It’s Conversational: We Make Our Tools, And They Shape Us
This introduction has largely been steered along lines that address the Web from the perspective of an intelligent outsider who is knowledgeable about conventional media, and might be trying to understand the Web by contrasting its features with earlier forms of media. However, that omits perhaps the most important aspect of what is going on: it’s not broadcast, it’s a conversation.
From the very outset, discourse on the Web has been open, and in several dimensions. Yes, anyone can set up as a publisher, and write to their heart’s content. But more important by far: discourse on the Web, as typified by blogs, has been a very conversational place. I have often characterized the blogosphere as Ray Oldenburg’s Third Place: not your home, or you place of work, but that cornerbar or cafe where you drop in and chat with the locals about whatever’s on your mind or in the news´.
It’s perhaps indicative that studies by the Pew Internet and American Life project and others show that every hour spent on the Web is an hour not watching television, and in recent weeks they showed the results of a new study: for the first time Americans are more likely to get their news from the Web than newspapers, although TV is still 20% more influential than the Web.
The conversational aspect of the Web – that readers are participants, not an audience being ‘messaged‘ – changes everything, at a fundamental level. People can talk back: they can leave comments on blogs, or write their own blog posts linking to someone else’s writing.
The nature of the Web itself is shaped by actions like creating links. Google’s search algorithm is based on page-rank, meaning that those pages that are ranked most highly for some search term are judged based on the content indexed by Google – keyword matching – and then by the number and kind of links pointing to the page. People create those links, which from the perspective of Google’s search engine is a vote. And Google doesn’t treat all links equally. If one blog has high page-rank, links from that blog have higher weight than another, less highly ranked blog. In essence, Google has created a search substrate for the Web that works well, because it emulates the way that authority works in human society. Those that are considered more influential have a greater impact on social discourse. It makes sense to us, since we live in a social context where authority does influence us. That’s why Nobel Laureates have a greater influence on public policy than the policeman directing traffic, and why charities want celebrities as spokespersons.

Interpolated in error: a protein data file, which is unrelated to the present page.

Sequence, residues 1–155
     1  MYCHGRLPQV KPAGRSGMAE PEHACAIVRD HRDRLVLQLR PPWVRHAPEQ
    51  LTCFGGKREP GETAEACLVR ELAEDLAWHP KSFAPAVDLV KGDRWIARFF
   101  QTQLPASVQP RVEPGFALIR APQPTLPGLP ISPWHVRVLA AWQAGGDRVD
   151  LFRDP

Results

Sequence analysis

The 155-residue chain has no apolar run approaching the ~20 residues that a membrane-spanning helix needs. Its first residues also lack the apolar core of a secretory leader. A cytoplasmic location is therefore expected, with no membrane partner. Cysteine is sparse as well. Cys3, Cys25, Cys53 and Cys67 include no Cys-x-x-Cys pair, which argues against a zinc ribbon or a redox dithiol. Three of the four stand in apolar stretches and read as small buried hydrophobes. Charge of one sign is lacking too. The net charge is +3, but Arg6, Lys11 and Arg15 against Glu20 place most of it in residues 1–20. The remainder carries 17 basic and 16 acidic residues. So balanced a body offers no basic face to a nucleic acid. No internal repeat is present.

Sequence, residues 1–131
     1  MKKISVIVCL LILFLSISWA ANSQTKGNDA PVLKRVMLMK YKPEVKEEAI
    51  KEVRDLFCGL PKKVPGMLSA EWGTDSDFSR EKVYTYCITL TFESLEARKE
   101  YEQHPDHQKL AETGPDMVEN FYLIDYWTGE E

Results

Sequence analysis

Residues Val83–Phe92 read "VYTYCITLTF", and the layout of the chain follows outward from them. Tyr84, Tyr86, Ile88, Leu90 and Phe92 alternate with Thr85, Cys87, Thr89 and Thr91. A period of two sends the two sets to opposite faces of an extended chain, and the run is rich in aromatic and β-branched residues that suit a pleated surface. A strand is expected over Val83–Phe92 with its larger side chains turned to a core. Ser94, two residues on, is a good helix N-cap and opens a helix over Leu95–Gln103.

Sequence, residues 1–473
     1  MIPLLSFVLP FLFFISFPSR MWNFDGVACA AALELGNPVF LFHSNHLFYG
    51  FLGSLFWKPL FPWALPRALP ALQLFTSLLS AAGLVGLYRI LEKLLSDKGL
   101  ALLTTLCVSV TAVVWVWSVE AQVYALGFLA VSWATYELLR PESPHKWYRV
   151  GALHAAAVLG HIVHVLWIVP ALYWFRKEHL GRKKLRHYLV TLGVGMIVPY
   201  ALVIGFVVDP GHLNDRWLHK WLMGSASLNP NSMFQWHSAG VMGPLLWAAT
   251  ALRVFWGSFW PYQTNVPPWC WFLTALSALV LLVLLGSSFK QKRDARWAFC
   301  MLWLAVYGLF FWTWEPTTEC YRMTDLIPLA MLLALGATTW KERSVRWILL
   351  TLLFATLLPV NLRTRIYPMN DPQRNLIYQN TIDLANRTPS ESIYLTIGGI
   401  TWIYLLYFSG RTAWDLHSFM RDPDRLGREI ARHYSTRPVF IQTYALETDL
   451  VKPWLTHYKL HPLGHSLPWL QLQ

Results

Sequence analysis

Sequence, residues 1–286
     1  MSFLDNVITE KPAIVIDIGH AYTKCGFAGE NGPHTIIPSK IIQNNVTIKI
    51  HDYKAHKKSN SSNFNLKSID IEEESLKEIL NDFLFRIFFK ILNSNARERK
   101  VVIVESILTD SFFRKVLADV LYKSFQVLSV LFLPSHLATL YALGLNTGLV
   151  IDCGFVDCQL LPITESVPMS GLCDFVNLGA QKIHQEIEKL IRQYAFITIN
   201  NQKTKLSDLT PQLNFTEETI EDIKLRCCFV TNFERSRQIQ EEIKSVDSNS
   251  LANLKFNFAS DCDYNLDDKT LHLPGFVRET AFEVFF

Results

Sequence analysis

But Google and search is only one part of the puzzle. We also have seen the emergence of a second tier of tools that have had a measurable impact on how ideas spread on the Web. Social networks have introduced new conventions for discourse.